Interacting with remote data and APIs

Go through Making HTTP requests handbook page and its sub-pages to learn more about HTTP API.

Sometimes, while developing a WordPress plugin, you might find the need to integrate your plugin with remote data. That’s where wp_remote_get(), wp_remote_post(), and wp_remote_retrieve_body() come in. See also wp_remote_get() arguments, such as headers.

See all arguments and filters at WP_Http::request().

wp_remote_get() is a part of the WordPress HTTP API and it allows you to get a response from a remote server. You can use this function to get data from external sources and display it on your website.

For more information, please refer using wp_remote_get() to parse JSON from remote APIs.

When querying remote APIs, it’s important to note the potential for the query to block execution of PHP. (Requests run synchronously.) To throttle remote connections or queries through caching, see the transients API. In the linked example, results of an expensive WP_Query() are cached. This cached action could just as well have been results from wp_remote_get():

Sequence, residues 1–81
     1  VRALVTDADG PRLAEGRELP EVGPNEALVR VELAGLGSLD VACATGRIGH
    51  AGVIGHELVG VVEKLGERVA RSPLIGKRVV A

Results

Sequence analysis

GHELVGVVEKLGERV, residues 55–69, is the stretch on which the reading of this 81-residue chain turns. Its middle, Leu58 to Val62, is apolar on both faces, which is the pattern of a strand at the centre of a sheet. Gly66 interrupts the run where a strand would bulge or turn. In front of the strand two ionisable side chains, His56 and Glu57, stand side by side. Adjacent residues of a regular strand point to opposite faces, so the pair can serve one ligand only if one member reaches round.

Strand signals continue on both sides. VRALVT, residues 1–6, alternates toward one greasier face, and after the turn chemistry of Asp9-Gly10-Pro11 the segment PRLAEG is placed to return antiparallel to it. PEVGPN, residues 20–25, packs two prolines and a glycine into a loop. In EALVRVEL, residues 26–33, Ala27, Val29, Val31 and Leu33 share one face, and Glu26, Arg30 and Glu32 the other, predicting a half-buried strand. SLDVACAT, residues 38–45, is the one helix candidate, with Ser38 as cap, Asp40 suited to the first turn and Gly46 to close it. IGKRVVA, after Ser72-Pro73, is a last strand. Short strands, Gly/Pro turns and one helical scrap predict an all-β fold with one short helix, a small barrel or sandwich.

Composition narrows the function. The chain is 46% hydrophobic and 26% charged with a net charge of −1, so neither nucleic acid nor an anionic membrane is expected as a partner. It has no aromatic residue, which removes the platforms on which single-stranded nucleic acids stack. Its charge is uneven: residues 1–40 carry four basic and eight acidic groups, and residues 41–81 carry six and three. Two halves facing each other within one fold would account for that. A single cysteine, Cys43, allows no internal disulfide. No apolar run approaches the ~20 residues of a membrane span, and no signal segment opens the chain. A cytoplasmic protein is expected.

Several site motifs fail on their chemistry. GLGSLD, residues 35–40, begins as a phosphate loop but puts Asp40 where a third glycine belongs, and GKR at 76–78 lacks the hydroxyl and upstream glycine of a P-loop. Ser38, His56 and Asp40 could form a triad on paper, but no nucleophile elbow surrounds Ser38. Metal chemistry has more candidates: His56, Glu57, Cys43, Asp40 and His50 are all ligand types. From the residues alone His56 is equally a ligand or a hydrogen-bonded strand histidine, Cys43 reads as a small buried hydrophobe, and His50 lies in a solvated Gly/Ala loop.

// Check cache.
$data = get_transient( 'remote_data' );
if ( false === $data ) {
    // If cache empty, send remote request.
    $data = wp_remote_retrieve_body(
                // @see WP_Http::request()
                // @see
                'headers' => [
                    // 'Authorization' => 'Basic ' . base64_encode( USERNAME . ':' . PASSWORD )
    // Set cache.
    set_transient( 'remote_data', $data, 12 * HOUR_IN_SECONDS );